South Pars is on track for full completion in 2021. The Iranian operator has just announced the start of drilling operations for phase 11 of the gas field. Other phases will be completed over the next 6 to 9 months. In all, the gas field will be capable of producing between 725 and 775 millionm3 of gas per day.
For many observers, the announcement of the project’s completion comes as a surprise, given the extent to which Iranian industry is handicapped by US sanctions. Tehran was able to overcome these difficulties and even boasts of having completed the project ahead of schedule. This gas field is the world’s largest natural gas field, holding 8% of global reserves. However, there are still many hurdles to overcome before Iran can finally become a gas superpower.
South Pars: a chaotic development
South Pars is an offshore gas field discovered in 1990 by Iran’s national gas company NIOC. Straddling Iran and Qatar, it is also known as the North Dome (north field). The latter own 62% of the field (6,000 km2), while Tehran has to make do with 3,700 km2. Above all, Qatar has been exporting liquefied natural gas (LNG) since 1996.
On the Iranian side, operations only began in 2002, and development has been hampered by US sanctions. By 2018, only 10 of the 24 project phases had been completed. Yet the situation changed for the better following the 2015 nuclear agreement, with sanctions gradually lifted for the gas sector. Attracted by the virtual absence of geological constraints, Total was able to invest in phase 11 of the South Pars project in 2016.
Nevertheless, Trump’s decision to exit the nuclear deal in 2018 has resulted in a return of sanctions. Under these conditions, the oil and gas company withdrew from the project, selling its shares to the Chinese state-owned company CNPC. A year later, the end of American exemptions led to the departure of the Chinese giant, leaving the Iranians to fend for themselves. Since then, the project has been entirely in the hands of NIOC and its subsidiaries.
How did Iran manage to exploit South Pars?
Since 2019, Iran has therefore had no access to capital and technology from foreign companies to boost its gas production. However, the country has managed to bring almost the entire gas field on stream, a target that will be reached in 2021. This success is due to the support of China, which skilfully circumvented US sanctions. So, far from having left the Iranian market, Chinese firms are operating in the country through project contracts.
Since they no longer operate directly, these companies can continue to supply their Iranian partners without being subject to sanctions. In terms of technology and financing, Chinese players are providing massive support for Iran’s gas sector. This method has been widely promoted by Beijing, which wishes to consolidate its geostrategic alliance with Teheran. This support is all the stronger given that the two countries recently signed a 25-year economic partnership.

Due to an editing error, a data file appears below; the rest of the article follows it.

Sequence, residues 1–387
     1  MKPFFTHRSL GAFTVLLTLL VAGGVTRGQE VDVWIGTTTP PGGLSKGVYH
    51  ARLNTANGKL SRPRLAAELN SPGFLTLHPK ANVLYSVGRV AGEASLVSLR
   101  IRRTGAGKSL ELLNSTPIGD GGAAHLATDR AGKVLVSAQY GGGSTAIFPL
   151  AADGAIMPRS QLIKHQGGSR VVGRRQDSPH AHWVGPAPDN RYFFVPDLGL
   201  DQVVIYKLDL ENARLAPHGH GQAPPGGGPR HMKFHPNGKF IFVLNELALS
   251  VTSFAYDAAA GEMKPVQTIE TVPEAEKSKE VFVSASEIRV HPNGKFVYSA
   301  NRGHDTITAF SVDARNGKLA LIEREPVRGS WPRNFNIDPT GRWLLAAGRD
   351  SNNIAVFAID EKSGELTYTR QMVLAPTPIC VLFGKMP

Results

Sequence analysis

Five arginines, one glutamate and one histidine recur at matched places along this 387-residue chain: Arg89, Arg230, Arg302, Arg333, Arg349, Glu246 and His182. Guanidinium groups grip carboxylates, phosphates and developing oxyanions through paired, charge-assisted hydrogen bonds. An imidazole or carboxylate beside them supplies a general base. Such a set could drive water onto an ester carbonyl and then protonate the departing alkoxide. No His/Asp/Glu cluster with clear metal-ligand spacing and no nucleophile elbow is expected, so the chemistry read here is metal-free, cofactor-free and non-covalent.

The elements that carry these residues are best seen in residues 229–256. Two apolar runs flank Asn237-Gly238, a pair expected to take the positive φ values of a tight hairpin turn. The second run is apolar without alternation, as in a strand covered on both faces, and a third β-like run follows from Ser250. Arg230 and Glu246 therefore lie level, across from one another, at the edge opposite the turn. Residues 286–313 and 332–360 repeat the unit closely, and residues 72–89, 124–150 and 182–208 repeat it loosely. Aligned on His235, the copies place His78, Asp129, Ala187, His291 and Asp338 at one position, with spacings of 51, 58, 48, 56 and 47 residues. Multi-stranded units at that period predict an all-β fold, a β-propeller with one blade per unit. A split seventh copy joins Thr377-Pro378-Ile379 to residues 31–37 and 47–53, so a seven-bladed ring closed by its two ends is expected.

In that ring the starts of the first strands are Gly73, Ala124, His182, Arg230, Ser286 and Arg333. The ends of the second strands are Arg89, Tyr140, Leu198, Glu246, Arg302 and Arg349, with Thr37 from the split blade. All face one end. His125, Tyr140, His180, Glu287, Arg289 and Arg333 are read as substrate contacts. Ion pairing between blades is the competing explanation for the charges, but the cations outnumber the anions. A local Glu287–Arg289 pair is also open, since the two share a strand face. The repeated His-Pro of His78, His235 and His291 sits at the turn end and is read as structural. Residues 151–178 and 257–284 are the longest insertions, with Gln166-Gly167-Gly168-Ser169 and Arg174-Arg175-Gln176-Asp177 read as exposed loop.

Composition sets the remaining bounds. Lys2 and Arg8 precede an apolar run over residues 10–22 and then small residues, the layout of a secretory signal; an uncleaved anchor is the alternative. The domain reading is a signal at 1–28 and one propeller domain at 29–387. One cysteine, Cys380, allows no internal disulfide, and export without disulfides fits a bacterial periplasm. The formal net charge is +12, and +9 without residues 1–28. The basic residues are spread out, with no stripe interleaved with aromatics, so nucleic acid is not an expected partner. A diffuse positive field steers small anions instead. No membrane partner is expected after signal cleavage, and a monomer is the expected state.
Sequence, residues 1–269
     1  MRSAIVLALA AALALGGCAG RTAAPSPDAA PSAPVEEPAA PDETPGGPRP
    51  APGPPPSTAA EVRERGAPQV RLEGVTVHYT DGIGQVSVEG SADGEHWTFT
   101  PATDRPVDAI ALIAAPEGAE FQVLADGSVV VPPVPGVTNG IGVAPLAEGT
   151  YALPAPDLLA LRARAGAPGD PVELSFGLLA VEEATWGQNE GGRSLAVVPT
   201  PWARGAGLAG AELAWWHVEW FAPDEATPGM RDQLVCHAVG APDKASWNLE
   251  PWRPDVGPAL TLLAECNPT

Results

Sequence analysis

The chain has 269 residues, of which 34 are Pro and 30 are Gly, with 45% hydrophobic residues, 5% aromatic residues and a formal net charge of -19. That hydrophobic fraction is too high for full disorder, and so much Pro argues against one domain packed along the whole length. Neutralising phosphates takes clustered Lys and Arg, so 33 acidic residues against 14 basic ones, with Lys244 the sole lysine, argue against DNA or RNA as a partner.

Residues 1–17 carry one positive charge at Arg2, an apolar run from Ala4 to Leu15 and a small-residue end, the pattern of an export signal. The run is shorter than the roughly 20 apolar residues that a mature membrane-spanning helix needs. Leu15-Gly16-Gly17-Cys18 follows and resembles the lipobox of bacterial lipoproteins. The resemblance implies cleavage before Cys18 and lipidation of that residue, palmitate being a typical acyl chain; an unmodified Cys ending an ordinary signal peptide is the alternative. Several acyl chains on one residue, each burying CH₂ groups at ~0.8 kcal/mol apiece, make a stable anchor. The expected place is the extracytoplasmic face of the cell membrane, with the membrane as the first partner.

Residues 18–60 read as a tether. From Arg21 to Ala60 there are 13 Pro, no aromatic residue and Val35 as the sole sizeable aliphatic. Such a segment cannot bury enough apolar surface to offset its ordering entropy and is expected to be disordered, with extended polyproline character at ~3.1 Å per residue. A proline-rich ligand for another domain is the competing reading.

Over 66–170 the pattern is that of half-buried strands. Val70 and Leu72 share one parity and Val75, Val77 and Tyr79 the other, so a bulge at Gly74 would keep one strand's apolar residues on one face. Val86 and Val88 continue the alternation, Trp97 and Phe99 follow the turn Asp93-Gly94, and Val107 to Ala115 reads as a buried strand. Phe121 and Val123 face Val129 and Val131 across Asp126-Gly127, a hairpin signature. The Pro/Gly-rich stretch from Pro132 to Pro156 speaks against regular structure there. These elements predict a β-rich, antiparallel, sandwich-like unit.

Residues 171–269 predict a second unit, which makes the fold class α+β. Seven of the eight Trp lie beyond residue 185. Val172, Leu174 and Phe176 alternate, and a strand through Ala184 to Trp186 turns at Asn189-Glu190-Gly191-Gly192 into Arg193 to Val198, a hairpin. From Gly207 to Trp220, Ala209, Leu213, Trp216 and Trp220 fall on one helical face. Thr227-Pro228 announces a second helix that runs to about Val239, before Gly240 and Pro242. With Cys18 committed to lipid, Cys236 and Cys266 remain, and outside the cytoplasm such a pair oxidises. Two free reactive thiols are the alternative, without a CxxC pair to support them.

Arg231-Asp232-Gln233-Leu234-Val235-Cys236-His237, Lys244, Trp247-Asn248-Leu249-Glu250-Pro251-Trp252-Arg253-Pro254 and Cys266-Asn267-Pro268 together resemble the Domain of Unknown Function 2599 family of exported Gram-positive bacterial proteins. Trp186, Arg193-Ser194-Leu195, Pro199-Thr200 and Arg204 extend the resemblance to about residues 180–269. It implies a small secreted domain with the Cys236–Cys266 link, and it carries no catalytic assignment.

Under the agreement, Iran will benefit from a promise of 400 billion Chinese investments between now and 2045. In return, China is guaranteed priority access to the country’s oil and gas resources. Beijing will also benefit from an estimated 12% discount on the price of hydrocarbons. It’s easy to see why China is such a strong supporter of the South Pars project and Iran’s gas sector.
The LNG hurdle
Thanks to its economic partnership, China intends to secure a long-term supply of gas from Iran. Indeed, according to the International Energy Agency (IEA), Beijing will be the world’s largest importer of LNG by 2024. Iran will also help reduce China’s dependence on Qatari gas, thus avoiding the need to transit the Strait of Hormuz. Qatar now accounts for almost 15% of China’s gas imports.
Becoming a gas superpower
For Iran, the development of South Pars means that it now has the means to become a gas export superpower. Tehran currently has the world’s second-largest reserves, but is not even among the top fifteen exporters. This weakness is explained by the weight of domestic consumption and the absence of liquefied natural gas (LNG) infrastructure. Even today, all Iranian gas exports are carried out via pipelines, which de facto limits the conquest of new markets.
The challenge, however, will be to find the expertise and financing needed to build LNG terminals. As these infrastructures are extremely expensive to develop, Chinese support may not be enough in the future. Moreover, Iran is entirely dependent on foreign technology to liquefy its gas. For the time being, however, only Gazprom has decided to invest in LNG production in Iran.
The solution may well come from the United States
The Russian giant has bought out the German company Linde’s stake in the construction of a liquefaction plant in Tombak. However, this commitment remains too limited to make Iran a major player in liquefied natural gas (LNG). Perhaps the solution will come from the United States, with the election of Joe Biden. The latter could in fact use the lifting of sanctions as a quid pro quo for a future nuclear agreement.
The development of LNG infrastructure will therefore play a key role in Iran’s ability to export its gas. Tehran is currently lagging far behind in this field, with no large-capacity LNG terminal. The next few months will therefore be decisive, with the arrival of a new American administration ready to negotiate the lifting of sanctions.